Federal regulators gave the flood-idled Fort Calhoun Nuclear Station the green light Friday to move forward with plans for returning to service.
The earliest the plant could be brought back online would be the end of the month, and that assumes everything goes according to plan, said David Bannister, vice president and chief nuclear officer at Omaha Public Power District, which owns the reactor.
Much of the work that lies ahead involves the investigation and testing of equipment.
"Our intention is that we will be able to restart in the coming months; however, we will not compromise on safety for the public or our workers," Bannister said. "That means we absolutely will not restart the plant until we can ensure that it is safe to do so."
The reactor, about 20 miles north of Omaha, has faced an unprecedented level and extent of flooding for a U.S. nuclear power plant.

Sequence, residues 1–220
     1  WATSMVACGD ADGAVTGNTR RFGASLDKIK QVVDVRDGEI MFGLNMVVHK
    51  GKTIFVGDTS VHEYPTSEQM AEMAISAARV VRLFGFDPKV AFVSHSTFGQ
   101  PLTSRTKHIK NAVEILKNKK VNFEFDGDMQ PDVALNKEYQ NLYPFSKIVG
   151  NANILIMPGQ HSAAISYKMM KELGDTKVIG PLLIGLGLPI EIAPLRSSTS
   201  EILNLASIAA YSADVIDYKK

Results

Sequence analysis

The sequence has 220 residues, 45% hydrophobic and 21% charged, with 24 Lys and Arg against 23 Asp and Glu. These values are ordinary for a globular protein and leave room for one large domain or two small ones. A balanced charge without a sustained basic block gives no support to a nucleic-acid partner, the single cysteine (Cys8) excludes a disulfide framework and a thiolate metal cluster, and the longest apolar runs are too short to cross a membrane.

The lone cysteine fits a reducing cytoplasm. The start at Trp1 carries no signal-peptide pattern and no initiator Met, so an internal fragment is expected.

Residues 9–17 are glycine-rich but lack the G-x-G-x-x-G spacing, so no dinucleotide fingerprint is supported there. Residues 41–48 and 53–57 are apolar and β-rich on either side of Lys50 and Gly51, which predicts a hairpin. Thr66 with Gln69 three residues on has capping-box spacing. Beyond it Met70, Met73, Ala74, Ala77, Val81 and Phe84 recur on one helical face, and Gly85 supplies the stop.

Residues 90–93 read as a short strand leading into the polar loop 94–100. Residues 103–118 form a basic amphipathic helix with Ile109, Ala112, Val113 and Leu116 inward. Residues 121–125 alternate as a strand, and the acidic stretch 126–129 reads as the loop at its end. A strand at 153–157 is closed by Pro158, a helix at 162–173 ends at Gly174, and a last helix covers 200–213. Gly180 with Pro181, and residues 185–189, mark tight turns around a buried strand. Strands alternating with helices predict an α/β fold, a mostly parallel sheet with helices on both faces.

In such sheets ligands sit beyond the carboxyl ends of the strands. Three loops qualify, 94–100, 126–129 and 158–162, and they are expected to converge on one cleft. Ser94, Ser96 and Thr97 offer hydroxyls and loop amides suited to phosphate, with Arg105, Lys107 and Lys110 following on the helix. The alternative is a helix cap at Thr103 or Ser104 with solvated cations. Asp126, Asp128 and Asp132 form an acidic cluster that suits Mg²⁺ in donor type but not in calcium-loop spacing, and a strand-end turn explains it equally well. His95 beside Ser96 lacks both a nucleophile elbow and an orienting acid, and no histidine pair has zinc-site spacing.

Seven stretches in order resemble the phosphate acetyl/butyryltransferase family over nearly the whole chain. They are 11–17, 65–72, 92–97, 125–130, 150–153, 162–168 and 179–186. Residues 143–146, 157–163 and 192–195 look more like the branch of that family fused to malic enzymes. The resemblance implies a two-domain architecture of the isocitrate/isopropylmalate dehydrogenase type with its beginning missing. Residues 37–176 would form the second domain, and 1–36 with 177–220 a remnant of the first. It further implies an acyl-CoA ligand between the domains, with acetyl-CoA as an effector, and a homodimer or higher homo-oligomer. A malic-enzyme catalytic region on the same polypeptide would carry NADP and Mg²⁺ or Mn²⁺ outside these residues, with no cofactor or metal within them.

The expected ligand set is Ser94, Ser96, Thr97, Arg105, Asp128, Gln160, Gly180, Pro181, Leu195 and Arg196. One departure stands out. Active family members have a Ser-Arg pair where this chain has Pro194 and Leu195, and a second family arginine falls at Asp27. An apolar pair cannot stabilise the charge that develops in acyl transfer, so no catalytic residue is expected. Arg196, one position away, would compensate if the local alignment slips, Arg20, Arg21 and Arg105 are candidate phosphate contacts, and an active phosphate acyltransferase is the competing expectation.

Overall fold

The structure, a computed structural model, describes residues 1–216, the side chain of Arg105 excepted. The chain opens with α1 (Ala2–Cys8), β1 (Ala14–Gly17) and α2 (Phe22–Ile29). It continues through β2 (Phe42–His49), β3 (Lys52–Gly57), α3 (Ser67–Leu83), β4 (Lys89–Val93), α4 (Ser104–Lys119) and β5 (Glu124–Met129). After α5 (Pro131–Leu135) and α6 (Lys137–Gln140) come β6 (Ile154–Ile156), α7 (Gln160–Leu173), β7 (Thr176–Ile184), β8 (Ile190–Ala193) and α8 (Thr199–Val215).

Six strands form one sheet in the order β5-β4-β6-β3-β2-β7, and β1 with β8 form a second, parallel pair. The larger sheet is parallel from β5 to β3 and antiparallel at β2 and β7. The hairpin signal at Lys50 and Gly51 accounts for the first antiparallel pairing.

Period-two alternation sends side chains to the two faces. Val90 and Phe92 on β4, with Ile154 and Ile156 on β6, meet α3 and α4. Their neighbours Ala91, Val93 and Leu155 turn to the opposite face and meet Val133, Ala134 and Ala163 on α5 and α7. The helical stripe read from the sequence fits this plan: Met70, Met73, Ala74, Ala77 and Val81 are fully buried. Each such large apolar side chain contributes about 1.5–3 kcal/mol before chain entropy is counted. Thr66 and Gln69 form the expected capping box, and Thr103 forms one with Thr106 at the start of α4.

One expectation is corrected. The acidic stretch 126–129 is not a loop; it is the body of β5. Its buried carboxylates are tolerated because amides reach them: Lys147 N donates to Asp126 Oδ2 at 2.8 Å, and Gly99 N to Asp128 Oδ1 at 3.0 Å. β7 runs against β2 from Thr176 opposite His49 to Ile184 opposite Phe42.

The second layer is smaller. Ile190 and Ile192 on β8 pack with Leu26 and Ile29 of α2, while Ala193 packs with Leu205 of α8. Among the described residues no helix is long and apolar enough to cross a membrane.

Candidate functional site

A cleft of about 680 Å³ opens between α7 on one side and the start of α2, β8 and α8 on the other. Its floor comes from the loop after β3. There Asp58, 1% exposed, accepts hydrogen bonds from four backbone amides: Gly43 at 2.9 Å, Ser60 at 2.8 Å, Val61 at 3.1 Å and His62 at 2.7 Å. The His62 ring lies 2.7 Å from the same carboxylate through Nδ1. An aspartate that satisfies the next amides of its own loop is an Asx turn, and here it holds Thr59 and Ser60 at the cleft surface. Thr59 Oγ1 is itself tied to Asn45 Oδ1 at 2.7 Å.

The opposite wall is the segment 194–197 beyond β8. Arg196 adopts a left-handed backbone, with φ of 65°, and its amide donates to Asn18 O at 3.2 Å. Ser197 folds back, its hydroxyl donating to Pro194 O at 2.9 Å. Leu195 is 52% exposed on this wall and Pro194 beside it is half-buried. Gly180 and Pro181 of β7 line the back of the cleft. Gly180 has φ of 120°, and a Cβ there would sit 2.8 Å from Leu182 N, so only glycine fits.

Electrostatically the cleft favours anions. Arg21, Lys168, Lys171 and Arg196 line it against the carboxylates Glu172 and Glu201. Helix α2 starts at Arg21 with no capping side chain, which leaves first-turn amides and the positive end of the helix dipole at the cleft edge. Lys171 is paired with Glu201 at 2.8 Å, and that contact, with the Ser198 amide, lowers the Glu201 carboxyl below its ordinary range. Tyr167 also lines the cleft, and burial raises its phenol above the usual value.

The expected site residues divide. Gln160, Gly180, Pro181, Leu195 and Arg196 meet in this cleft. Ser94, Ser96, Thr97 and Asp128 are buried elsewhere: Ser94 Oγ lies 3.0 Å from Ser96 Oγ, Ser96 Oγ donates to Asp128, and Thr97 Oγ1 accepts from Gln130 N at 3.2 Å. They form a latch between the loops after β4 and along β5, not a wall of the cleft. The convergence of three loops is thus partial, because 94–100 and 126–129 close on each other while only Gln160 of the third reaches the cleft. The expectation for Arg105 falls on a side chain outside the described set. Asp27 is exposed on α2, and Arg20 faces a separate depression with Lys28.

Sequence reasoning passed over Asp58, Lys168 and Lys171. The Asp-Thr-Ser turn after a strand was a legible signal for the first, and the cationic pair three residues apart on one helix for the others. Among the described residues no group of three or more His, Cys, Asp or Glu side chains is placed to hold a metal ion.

Sandbags, a water-filled berm, other barriers and pumps have kept the plant mostly dry this summer. Bannister said no critical areas of the reactor building took on water.
The plant accounts for an average of about 25 percent of OPPD's total electricity produced.
On Friday, the Nuclear Regulatory Commission sent OPPD a letter documenting the steps OPPD has agreed to take to bring the plant back online.
Among the goals detailed in the 130-page outline OPPD submitted: cleaning the plant, making sure all its emergency warning systems are working, and testing the electrical equipment and pumps.
Of concern is the difficulty of detecting flood-weakened equipment, which is why the plan emphasizes extensive testing.
The NRC will perform several comprehensive inspections to make certain OPPD has thoroughly evaluated its systems, Elmo Collins, regional administrator for the agency, said in his letter to OPPD.
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